HOLTVILLE — Tucked away down a small street in Holtville, Humble Farmer Brewing Co. invited friends and family to a lowkey reopening of its taproom on Walnut Avenue, its original location where the magic happens.
On Thursday evening, June 24, the Holtville Chamber of Commerce assisted in making an event of it, with a ribbon-cutting to celebrate being able to serve customers at full capacity following the lifting of most pandemic restrictions in California after June 15.
As guests sipped pints of craft beer brewed on the premises and noshed on sandwiches and wings, the importance of the smallish gathering was not lost on those in attendance nor on the proprietors of the brewhouse.
“We had to close down the taproom completely,” said co-owner Eric Strahm, one of five partners in the business. “Luckily, our Imperial location has a kitchen, so we were able to stay open there and sell food and cans to go.
“Almost all of the staff had to go on and off work. Thankfully, we have almost everyone back now,” Strahm said.
The Holtville site is where the beer is brewed and serves no food, only the brew. The cans and kegs are shipped to the brewery’s pub-style location in the heart of downtown Imperial.
Kami Huddleston, manager of the taproom, echoed Eric’s feelings. She, like many most of the staff at Humble Farmer, had to go off work while the taproom was closed.
“We were down to only one cook,” Kami said. “But we are back now. I love being back at work. I have my regulars that I get to see and visit with. I love my job, but it’s the people that are really important. And the beer.”
The locals who congregated for the reopening were happy to see Humble Farmer Brewing Co.’s taproom back in action.
“It really represents our community and is made from organically grown ingredients from local farms,” Holtville resident Chase Schaffner explained. “And it’s really tasty, too.”
Kylee Ruddell, another Holtville resident, excitedly shared how she felt about the reopening.
“It’s a great place. It’s great to have another place besides the Donut Shop to be able to go to drink and to socialize,” she said.
“I really love it, it’s awesome,” George Gomez said as he sipped on his amber-colored beer. “There’s not a lot to do in Holtville, so having some things to do like this means a lot. We can go here instead of going all the way into El Centro.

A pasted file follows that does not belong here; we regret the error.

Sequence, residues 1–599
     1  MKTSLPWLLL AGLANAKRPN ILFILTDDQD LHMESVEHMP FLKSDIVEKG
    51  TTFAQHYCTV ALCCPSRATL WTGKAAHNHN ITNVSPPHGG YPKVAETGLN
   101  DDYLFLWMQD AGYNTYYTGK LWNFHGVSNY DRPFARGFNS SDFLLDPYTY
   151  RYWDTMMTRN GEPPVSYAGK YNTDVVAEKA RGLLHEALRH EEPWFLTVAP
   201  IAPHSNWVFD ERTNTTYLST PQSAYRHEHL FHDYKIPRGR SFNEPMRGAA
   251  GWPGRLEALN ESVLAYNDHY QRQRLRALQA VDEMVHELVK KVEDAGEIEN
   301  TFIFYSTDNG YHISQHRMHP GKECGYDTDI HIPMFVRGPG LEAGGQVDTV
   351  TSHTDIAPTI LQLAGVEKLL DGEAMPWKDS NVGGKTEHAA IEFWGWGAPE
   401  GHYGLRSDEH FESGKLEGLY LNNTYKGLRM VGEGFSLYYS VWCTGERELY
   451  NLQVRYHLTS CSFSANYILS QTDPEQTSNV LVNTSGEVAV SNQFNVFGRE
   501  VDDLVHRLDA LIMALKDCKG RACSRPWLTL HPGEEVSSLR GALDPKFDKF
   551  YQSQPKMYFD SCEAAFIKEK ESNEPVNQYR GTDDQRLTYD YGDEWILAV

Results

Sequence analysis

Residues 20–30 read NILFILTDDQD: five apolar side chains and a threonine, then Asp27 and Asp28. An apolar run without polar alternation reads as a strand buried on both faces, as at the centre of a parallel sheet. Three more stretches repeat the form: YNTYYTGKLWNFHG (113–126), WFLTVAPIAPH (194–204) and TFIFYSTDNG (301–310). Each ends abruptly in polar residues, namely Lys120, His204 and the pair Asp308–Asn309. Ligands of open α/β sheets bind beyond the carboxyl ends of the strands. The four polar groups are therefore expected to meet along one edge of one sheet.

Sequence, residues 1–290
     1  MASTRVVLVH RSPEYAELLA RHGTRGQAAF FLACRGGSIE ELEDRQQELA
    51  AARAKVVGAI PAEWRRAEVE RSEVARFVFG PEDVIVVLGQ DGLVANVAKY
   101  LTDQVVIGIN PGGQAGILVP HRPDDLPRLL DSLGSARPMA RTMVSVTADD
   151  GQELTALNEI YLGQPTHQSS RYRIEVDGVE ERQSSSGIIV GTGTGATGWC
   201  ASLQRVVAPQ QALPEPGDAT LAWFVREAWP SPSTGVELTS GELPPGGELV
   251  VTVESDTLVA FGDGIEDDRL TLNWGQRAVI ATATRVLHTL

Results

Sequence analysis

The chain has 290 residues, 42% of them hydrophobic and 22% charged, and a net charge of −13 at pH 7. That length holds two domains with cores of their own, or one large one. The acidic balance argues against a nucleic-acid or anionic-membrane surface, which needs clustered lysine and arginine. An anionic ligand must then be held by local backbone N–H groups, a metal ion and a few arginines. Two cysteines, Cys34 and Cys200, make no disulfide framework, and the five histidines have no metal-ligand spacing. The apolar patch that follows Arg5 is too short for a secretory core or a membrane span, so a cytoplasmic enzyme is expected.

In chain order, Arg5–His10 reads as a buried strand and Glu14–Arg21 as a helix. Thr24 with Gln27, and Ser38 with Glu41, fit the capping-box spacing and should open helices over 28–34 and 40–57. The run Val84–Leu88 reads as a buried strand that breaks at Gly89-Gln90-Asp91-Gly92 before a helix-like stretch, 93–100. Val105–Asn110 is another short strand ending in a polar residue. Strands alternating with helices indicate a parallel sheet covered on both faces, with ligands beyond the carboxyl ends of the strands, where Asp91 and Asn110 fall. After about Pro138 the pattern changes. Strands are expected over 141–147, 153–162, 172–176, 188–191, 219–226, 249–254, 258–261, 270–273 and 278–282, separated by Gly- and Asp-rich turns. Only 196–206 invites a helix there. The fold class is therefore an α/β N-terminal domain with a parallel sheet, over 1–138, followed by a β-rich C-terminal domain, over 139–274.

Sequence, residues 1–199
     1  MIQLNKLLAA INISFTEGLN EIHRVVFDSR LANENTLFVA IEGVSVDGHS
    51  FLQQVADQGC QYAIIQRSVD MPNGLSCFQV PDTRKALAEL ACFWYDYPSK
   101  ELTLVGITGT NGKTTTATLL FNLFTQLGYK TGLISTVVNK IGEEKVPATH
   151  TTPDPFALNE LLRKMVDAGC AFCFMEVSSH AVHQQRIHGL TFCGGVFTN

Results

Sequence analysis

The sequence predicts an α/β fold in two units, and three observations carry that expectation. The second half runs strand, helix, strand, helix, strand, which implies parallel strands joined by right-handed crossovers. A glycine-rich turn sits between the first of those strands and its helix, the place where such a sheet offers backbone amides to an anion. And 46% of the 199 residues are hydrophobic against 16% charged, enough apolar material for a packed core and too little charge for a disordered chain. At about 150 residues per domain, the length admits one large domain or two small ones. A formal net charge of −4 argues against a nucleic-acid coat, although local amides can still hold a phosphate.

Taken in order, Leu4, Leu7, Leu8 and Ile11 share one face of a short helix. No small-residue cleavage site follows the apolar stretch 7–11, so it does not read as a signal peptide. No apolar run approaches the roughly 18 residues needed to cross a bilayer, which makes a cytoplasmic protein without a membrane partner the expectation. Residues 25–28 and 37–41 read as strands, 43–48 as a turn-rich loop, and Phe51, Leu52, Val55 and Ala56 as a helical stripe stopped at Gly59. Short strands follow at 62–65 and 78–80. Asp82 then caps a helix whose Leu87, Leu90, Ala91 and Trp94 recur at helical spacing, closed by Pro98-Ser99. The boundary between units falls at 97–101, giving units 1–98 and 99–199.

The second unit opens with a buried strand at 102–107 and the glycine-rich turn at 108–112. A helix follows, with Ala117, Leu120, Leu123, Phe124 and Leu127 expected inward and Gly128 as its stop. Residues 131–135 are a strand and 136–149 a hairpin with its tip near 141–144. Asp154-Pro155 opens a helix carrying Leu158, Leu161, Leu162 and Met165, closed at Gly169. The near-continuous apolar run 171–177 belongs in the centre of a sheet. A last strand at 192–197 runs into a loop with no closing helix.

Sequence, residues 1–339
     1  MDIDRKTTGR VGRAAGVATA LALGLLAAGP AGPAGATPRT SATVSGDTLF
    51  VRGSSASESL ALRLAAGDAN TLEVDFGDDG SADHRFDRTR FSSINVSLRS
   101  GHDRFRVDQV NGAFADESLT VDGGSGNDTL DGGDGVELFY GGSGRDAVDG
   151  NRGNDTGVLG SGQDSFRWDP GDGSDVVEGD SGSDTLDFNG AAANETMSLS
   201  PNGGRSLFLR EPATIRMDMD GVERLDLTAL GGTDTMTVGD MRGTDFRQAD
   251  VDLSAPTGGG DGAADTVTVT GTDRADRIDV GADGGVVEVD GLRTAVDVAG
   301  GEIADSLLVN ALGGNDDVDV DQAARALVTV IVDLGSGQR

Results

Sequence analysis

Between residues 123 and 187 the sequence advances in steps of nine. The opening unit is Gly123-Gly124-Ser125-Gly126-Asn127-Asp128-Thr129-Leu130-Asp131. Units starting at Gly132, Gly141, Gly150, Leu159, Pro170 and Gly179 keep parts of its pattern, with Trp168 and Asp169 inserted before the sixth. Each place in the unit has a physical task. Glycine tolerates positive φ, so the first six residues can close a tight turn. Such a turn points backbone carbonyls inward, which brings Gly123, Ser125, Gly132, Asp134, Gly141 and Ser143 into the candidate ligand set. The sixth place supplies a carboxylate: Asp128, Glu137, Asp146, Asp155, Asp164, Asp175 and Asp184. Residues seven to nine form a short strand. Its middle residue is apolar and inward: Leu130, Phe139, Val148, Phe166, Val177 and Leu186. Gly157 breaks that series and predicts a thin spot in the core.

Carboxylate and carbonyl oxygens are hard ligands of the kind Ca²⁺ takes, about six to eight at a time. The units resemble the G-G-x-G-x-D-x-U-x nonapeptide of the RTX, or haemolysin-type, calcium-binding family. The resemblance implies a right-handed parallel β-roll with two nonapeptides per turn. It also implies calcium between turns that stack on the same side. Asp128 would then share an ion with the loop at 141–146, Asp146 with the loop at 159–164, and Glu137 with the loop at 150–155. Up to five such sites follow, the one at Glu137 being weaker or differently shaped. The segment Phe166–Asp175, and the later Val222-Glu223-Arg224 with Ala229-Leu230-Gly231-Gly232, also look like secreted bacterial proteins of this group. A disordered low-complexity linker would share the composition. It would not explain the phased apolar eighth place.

“I’m glad something like this is open in our town,” Gomez added.
Strahm said he and his partners put tremendous effort to get the brewery started, spending a year planning the opening. He said they were not about to give up because of a pandemic. In order to survive COVID, Strahm said the company adapted its way of doing business.
“We started making half batches because we couldn’t sell a whole batch before it went bad. We had a few places like Inferno (in Brawley), who kept us on tap, and that helped,” Eric said. “We also began canning way more than we had been previously, so we could continue to sell our beer to go. We also got the grants the county were offering and some of that paycheck protection money to keep us afloat.”
Humble Farmer Brewing Co. was not the only Holtville business to struggle. Rosie Allegranza, executive manager for the chamber, said things had to change for a lot of businesses and for the chamber itself.
“COVID was hard on Holtville. There are several restaurants that still haven’t opened back up, and we’re not sure if they’re going to. The chamber itself was unable to hold the Carrot Festival last year, which is 40 percent of our annual revenue,” Rosie said. “See, that’s why the ribbon-cutting is so important, to tell people that not only is Humble Farmer still here and open, but so is the chamber.”
The Humble Farmer Brewing Co. taproom is located at 438 Walnut Ave., Holtville.
The Humble Farmer Brewing Co. pub-style eatery is located at 116 S. Imperial Ave., Imperial.